I’ve been tweaking how my SQL Developer application looks and feels for a long time.

Someone saw my desktop and wanted to know how to make theirs look like mine, hence this post.

I realize beauty in in the eye of the beholder, but if you behold what I behold, then here’s how to get there.

I recently came across this Scheme on GitHub, and have been using it for a few months now.

It’s a port from a popular theme in Eclipse, and it’s pretty much good, out of the box.

me like!

I have made a few additional tweaks though.

Highlighted text was hard to spot, so I changed the background color.

Now this looks better, I can actually read the text that’s been selected.

The Cursor

Seeing the cursor on the black screen was hard, so I changed that too.

Getting there…

Next, the Gutter

Assuming you have line numbers, ON.

White on grey basically.

And now, our finished product.

Make your code, prettier.

P.S. Don’t Forget the Fonts!

I’m using one developed for the Android platform.

Doesn’t support emojis, but still pretty good.
thatjeffsmith
Author

I'm a Master Product Manager at Oracle for Oracle SQL Developer. My mission is to help you and your company be more efficient with our database tools.

10 Comments

  1. This is good stuff. I changed my pl/sql editor setting based on your description.
    Just in case if you don’t know, I have changed the look and feel from Oracle to Windows in Preferences – Environment. It really looks much better overall.

  2. I have no problem with the default preference colors and fonts, but, once I changed the preferences as you show in this entry, I feel more comfortable by looking SQL Developer’s screen.
    Thank you.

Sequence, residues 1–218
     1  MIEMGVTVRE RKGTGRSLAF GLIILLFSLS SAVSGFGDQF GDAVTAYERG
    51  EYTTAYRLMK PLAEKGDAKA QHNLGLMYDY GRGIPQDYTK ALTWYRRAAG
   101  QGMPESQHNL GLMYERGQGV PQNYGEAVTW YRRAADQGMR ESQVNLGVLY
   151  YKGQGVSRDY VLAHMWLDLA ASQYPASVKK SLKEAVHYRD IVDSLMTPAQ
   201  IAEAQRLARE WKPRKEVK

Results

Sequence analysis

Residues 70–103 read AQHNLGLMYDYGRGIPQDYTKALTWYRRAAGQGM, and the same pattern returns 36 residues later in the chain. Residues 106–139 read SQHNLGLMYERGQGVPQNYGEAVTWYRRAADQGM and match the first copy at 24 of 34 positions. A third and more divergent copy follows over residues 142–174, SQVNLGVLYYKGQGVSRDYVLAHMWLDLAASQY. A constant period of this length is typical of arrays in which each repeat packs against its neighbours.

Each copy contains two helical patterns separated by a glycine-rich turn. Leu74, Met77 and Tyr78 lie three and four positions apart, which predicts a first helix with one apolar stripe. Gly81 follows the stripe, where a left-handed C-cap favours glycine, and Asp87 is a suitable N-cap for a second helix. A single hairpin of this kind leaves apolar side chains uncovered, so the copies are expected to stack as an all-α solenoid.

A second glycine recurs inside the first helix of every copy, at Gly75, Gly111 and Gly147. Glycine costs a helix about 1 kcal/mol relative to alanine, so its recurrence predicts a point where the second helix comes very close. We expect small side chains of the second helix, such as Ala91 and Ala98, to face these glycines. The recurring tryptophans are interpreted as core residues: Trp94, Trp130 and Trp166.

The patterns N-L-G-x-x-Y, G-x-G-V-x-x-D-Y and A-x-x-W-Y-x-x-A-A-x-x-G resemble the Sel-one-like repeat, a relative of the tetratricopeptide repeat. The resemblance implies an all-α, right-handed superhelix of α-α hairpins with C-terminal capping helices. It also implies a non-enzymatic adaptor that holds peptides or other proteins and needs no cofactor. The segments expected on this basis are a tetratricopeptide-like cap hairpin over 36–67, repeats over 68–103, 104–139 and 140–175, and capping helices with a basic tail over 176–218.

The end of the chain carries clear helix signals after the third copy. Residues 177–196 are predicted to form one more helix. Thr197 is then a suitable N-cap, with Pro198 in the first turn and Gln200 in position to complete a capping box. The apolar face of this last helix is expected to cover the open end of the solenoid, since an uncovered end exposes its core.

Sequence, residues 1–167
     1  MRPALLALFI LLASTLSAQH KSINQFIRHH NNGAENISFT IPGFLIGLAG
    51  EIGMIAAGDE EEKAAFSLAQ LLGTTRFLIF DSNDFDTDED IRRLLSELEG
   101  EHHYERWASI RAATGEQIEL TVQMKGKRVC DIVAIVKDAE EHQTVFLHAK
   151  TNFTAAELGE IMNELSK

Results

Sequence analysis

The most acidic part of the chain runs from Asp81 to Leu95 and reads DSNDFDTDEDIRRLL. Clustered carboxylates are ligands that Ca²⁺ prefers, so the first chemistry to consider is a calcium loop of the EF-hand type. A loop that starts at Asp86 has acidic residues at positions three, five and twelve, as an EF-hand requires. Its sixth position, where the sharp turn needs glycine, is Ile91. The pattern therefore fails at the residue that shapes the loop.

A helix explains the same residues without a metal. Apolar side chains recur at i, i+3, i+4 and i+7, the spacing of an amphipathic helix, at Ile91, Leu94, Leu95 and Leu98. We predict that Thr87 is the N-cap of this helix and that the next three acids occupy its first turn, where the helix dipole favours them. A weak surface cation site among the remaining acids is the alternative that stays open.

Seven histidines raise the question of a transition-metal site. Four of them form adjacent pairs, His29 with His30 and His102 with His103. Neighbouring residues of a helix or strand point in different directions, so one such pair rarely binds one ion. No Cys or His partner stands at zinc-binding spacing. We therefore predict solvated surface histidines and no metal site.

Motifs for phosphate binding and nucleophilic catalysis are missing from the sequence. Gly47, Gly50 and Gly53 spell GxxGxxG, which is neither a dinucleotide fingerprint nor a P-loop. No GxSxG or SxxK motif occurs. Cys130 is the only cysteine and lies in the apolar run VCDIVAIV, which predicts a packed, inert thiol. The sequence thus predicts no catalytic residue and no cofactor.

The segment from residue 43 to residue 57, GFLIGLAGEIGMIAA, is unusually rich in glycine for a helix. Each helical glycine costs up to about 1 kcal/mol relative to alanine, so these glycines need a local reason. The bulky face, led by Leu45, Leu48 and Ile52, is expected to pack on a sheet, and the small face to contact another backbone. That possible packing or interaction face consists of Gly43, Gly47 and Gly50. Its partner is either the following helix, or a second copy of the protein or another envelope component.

3. Stefan Heublein Reply

    Hello Jeff,

    with the version 19.1 the formatting of PL/SQL changed, e.g. in the following code example, the first line is colored (with Default scheme) in black and blue.
    Procedure name and variable names: black
    Literal strings: blue
    (sorry I had to describe this, because unfortunately there is no possibility to post a screenshot).

    dbgmsg(‘Number of tables in schema ‘ || l_cur_release || ‘ and ‘ || l_new_release, TRUE, TRUE);
    DBMS_OUTPUT.PUT_LINE(‘Number of tables schema ‘ || l_cur_release || ‘: ‘ || l_cur_tables.Count);

    The second line is shown completely in grey like a comment. In previous SQL Developer versions this call of DBMS_OUTPUT.PUT_LINE was colored like the first line.

    I tried some options PL/SQL Syntax Color preferences, but that didn’t change the colors.

    Kind regards
    Stefan

    • Stefan Heublein

      Cool, thank you. I removed the ?pkg = ‘DBMS_OUTPUT’ from the PL/SQL Custom Syntax Rules and coloring is back to default. Sometimes it may be useful to have instrumentation code colored differently and I now know the place to adapt it.

      I would not have asked this question, if the build in help would work better. When you e.g. search for ‘PL/SQL Custom Syntax Rules’ (if you would have known to search for this phrase at the beginning) you find NOTHING. For other searches it shows a link to the article ‘SQL Developer Concepts and Usage’ (with 10.000 lines) but not the place where it is found inside this article. You have to search within the article again. Practically this Help pages are not usable at all 🙁

    • thatjeffsmith

      Not sure that’s quite fair…I’m looking at the ‘PL/SQL Custom Syntax Rules’ page in the Help/Docs now.

  4. Thank you Jeff, this is very helpful and makes a huge difference when staring at code for hours.

    The only thing missing from the instructions in the GitHub repo is file location for macOS. It’s still in dtcache.xml, but a little harder to find.

    For me, this was the exact location: /Users/haniel.burton/.sqldeveloper/system18.4.0.376.1900/o.ide.13.0.0.1.42.170225.201⁩/dtcache.xml

    https://docs.oracle.com/en/database/oracle/sql-developer/18.4/rptig/installing-sql-developer.html#GUID-16F0A7C3-6EC1-4176-9B15-FE4AA8D70D5F

  5. Looks great, now if only SQL Dev supported fonts with Ligatures then Programmers Fonts such as Fira Code, Monoid, Hasklig, etc. could be used to a fuller extent.

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